• Phase III (Specific Design Plan): A precise site plan that includes architectural plans, exterior building elevations and detailed landscaping plans. A determination must also be made that the development will be adequately served by public facilities.
(d) Mixed-Use & Planned Community Zones
There are several mixed-use/planned community zones. Each zone contains its own unique regulations which are designed to provide for a variety of compatible uses and create a particular character of development. The M-X-T Zone is transportation-oriented, intended to create a 24-hour environment in the immediate vicinity of major transportation facilities.

The M-X-C Zone encourages a balanced mix of residential, commercial, recreational and public uses. It also requires the finding that transportation facilities will be adequate to carry anticipated traffic. The M-U-TC Zone promotes redevelopment, preservation and adaptive reuse of existing buildings in older commercial areas. The R-P-C Zone accommodates large-scale community development such as found in Greenbelt and Marlton. The R-M-H Zone provides for mobile home communities.

(e) Overlay Zones
Overlay zones are superimposed over existing zoning classifications in a designated area and are used to modify certain requirements of the underlying zones, such as permitted uses, parking regulations, sign requirements and the location and height of buildings. There are four types of overlay zones:
  • The Transit District Overlay Zone encourages intensive land development in the vicinity of Metro stations to maximize transit ridership and reduce automobile use. It is intended to take advantage of the unique development opportunities provided by mass transit and other public facilities. It is used to implement a transit district development plan, and development is subject to site plan approval.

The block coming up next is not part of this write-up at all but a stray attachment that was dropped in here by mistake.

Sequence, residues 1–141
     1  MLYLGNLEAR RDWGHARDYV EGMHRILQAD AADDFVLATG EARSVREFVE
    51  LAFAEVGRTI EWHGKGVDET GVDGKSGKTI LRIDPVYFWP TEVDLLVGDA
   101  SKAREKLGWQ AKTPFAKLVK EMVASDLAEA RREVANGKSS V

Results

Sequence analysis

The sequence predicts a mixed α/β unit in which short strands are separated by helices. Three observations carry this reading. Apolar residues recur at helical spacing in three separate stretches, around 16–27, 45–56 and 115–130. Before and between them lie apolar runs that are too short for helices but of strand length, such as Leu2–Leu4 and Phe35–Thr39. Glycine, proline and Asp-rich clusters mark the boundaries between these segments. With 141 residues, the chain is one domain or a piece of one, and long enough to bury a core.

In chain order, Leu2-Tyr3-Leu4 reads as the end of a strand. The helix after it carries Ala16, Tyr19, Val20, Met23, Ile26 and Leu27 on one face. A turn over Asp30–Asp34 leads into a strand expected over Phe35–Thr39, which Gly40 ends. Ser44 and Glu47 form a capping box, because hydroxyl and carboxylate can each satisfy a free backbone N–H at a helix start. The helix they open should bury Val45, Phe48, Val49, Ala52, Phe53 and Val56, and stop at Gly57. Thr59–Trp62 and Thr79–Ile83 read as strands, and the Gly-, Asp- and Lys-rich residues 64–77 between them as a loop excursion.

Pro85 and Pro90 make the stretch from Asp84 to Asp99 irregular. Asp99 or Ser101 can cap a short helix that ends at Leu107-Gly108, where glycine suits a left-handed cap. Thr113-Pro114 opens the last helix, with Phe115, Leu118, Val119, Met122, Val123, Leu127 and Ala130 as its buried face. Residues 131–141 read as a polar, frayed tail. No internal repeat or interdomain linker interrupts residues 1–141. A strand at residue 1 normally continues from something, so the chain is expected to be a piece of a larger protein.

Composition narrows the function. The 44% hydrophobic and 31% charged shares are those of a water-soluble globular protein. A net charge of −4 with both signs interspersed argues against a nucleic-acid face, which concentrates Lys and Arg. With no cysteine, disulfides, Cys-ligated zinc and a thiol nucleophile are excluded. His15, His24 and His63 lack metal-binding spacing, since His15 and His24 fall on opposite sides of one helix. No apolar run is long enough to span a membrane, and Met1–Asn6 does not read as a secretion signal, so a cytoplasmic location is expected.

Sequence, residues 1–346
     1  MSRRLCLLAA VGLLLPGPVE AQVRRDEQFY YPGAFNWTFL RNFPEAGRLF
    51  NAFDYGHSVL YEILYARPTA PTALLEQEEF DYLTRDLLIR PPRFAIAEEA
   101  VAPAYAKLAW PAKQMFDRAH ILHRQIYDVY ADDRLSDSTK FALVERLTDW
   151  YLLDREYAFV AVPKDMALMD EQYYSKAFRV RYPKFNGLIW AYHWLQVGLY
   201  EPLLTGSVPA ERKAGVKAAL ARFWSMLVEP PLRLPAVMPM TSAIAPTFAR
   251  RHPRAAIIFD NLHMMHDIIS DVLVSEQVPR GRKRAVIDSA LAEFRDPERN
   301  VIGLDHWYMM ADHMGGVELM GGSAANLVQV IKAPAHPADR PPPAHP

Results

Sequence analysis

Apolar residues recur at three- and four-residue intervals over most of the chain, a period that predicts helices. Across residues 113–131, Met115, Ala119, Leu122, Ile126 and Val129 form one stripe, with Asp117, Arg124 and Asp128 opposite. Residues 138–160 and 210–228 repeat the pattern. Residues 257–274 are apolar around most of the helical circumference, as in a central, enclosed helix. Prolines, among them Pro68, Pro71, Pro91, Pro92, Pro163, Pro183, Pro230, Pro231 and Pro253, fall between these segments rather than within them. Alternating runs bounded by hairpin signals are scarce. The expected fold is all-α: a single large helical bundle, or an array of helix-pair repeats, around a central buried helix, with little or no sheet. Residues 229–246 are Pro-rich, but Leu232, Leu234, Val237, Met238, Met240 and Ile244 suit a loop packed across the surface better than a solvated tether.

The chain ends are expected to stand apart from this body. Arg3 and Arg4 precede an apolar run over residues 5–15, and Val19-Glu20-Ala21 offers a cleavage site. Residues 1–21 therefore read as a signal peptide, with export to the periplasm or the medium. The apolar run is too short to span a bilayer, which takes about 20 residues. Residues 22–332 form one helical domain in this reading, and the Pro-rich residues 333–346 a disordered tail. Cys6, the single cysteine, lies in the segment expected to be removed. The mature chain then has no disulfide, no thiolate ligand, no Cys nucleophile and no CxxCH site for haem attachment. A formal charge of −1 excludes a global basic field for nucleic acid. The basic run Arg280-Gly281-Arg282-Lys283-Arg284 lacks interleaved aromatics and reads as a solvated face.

• The Development District Overlay Zone is used to ensure that development meets the goals established in a master plan, master plan amendment or sector plan. Development districts may be designated for town centers, Metro areas, commercial corridors, employment centers, revitalization areas, historic areas and other special areas as identified in approved plans. Development is subject to site plan approval.
  • The Chesapeake Bay Critical Area Overlay Zone protects environmentally sensitive areas. It ensures that development conforms with State and County Chesapeake Bay Critical Area policies to preserve and enhance the quality of water entering the Chesapeake Bay, protect wildlife resources and enhance recreational opportunities. Concurrently with or prior to approval of development in the Chesapeake Bay Critical Area, a conservation plan and agreement must be approved. Development is subject to both the requirements of the Zoning Ordinance and the regulations set forth in the Prince George's County Chesapeake Bay Critical Area Program Conservation Manual.
  • The Revitalization Overlay Zone provides a mechanism for the county to delegate full authority to local municipalities to approve departures from parking, landscaping and sign standards. In addition, limited authority is delegated for the approval of variances from building setbacks, lot coverage, yards and other dimensional requirements of the Zoning Ordinance.